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Australia's water supplies: what's going on?

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Policy

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Bickering between state governments has left Australian water supplies in a perilous state, according to a new report by the National Water Commission.

Barriers to water trade are still being imposed by state governments, water restrictions are still widespread and there is continuing uncertainty as to the security of future water supplies, the report, Australian water reform 2009 says.

Pulling no punches, it points out that governments have failed to meet 40 per cent of commitments made five years ago, while many other schemes have been suspended because of drought conditions and low flows in southern Australia.

State governments meanwhile continue to squabble over water, intergovernmental processes are slow and the states do not have adequate policies to deal with the problem.

Worse still, climate change has made the situation even more critical than it was back in 2004, when the Commission was formed to monitor the progress of water reforms.

The most alarming part of the report is its conclusion that governments will not meet the central commitment made under the National Water Initiative to fix over-allocation by 2010 - though government commitments to tackle the over-allocation problem date back to at least 1994.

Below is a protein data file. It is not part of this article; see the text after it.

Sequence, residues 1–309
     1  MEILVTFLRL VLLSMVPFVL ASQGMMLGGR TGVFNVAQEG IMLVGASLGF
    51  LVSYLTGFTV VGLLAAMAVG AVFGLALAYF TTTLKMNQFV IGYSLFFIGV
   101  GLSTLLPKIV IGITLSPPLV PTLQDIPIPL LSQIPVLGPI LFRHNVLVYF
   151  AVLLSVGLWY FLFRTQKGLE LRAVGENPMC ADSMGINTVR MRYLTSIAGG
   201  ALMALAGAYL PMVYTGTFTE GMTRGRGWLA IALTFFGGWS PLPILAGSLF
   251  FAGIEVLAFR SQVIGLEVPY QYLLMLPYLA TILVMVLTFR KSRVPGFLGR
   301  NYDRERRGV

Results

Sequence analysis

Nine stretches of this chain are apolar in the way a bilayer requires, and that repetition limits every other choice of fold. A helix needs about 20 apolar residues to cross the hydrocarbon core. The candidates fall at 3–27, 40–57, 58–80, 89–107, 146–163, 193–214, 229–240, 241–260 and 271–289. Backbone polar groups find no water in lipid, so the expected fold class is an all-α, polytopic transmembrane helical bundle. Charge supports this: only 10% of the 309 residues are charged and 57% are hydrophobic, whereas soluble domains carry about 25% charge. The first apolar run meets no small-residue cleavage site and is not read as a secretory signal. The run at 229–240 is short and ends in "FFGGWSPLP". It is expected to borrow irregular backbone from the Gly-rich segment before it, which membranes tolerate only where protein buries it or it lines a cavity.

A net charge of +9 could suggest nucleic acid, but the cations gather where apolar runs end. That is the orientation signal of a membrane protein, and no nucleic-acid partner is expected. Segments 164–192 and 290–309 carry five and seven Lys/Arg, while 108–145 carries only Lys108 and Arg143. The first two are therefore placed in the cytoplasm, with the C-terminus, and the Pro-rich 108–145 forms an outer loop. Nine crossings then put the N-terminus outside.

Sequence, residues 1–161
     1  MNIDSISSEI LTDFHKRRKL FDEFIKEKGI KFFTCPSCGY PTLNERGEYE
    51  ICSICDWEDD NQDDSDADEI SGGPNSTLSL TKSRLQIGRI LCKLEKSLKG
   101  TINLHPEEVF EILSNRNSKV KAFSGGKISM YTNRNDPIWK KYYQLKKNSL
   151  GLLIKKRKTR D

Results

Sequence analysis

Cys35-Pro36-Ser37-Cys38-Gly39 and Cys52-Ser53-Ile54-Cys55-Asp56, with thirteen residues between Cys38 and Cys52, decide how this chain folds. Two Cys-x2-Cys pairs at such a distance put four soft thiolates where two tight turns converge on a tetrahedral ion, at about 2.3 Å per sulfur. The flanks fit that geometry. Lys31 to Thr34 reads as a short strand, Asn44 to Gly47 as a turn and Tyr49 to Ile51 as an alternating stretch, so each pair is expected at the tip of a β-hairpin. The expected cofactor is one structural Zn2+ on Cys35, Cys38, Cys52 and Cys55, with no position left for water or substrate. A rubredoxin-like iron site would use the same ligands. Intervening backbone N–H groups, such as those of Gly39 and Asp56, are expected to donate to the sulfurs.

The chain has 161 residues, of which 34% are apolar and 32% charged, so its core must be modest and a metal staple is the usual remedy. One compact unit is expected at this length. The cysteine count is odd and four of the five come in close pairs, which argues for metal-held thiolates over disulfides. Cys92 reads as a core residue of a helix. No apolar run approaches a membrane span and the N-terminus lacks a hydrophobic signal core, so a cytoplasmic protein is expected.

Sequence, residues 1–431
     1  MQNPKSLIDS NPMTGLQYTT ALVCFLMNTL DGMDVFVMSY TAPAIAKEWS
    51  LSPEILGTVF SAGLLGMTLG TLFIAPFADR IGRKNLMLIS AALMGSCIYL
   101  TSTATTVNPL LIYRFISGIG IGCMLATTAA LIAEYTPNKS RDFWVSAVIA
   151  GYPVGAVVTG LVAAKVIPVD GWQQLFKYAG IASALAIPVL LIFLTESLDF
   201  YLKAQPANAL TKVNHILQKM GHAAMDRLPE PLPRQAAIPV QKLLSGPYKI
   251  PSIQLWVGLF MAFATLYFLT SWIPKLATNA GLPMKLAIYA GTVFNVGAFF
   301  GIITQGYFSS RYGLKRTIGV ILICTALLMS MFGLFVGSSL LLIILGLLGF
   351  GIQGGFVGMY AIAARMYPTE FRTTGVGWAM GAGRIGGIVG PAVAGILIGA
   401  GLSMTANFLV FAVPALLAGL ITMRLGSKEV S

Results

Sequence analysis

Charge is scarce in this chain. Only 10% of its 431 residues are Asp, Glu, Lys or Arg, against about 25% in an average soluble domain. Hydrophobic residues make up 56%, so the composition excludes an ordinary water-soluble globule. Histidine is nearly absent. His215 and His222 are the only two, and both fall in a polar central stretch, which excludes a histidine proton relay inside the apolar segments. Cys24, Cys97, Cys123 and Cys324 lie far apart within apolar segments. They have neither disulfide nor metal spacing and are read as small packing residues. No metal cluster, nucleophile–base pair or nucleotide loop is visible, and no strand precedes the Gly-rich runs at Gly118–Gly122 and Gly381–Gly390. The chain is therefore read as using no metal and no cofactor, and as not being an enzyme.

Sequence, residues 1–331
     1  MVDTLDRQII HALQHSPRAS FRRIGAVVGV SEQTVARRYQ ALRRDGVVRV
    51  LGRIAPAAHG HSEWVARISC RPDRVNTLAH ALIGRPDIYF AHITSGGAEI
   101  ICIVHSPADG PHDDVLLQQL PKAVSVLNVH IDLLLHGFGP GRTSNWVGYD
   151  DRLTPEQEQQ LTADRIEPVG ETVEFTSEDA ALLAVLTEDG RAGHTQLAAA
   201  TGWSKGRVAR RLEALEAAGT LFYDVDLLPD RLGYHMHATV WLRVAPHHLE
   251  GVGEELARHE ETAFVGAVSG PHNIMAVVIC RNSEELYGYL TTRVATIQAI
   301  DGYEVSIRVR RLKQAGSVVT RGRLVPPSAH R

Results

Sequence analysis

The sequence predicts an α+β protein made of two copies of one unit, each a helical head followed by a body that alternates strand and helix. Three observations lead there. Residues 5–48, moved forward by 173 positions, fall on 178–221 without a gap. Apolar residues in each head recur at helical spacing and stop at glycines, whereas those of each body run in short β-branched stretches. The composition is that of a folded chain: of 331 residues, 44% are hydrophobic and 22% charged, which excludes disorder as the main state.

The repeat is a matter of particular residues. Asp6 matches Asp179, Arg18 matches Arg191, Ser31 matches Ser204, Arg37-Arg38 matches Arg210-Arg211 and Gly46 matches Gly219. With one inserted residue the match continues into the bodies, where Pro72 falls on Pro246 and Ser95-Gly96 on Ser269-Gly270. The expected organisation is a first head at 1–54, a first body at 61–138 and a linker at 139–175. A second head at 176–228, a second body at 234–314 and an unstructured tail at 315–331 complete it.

Over-allocation refers to the way water supplies are over-used. Water entitlements have allowed users to extract more water than was actually sustainable, and 15 years after it was identified as a problem, governments have failed to fix it. According to the Commission, governments need to clearly define what over-allocation means - which means they need to stop bickering.

The Commission's findings coincide with revelations that Melburnians believe their 13 year water crisis, with its parched parks and gardens, dying trees and water restrictions, has been as bad as a war or natural disaster. This view comes out in Victorian Government documents released under Freedom of Information to the Nationals.

Commission chair Ken Matthews suggested the problem with water supplies has reached the 'danger zone'.

"What makes these findings even more concerning is that we now know that climate change has raised the bar on water reform,'' he said. "Reduced water availability makes improved water management more urgent than ever for our water-starved rivers and hard-hit irrigators."

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